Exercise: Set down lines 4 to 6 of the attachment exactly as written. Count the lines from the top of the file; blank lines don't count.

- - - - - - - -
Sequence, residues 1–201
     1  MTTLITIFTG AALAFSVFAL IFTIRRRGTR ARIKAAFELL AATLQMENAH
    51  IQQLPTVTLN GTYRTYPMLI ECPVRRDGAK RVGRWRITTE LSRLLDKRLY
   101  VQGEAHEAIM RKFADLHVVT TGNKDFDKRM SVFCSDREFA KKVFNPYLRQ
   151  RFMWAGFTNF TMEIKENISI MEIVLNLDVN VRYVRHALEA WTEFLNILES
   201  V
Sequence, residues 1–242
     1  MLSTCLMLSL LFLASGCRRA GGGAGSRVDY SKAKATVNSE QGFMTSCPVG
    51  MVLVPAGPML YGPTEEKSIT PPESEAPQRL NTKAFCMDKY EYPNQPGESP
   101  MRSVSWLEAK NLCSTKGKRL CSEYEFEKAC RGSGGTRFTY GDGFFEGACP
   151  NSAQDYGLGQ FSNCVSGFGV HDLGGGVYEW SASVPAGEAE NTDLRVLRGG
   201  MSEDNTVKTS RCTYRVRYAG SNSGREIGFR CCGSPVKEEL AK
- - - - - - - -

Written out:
   101  VQGEAHEAIM RKFADLHVVT TGNKDFDKRM SVFCSDREFA KKVFNPYLRQ
   151  RFMWAGFTNF TMEIKENISI MEIVLNLDVN VRYVRHALEA WTEFLNILES
   201  V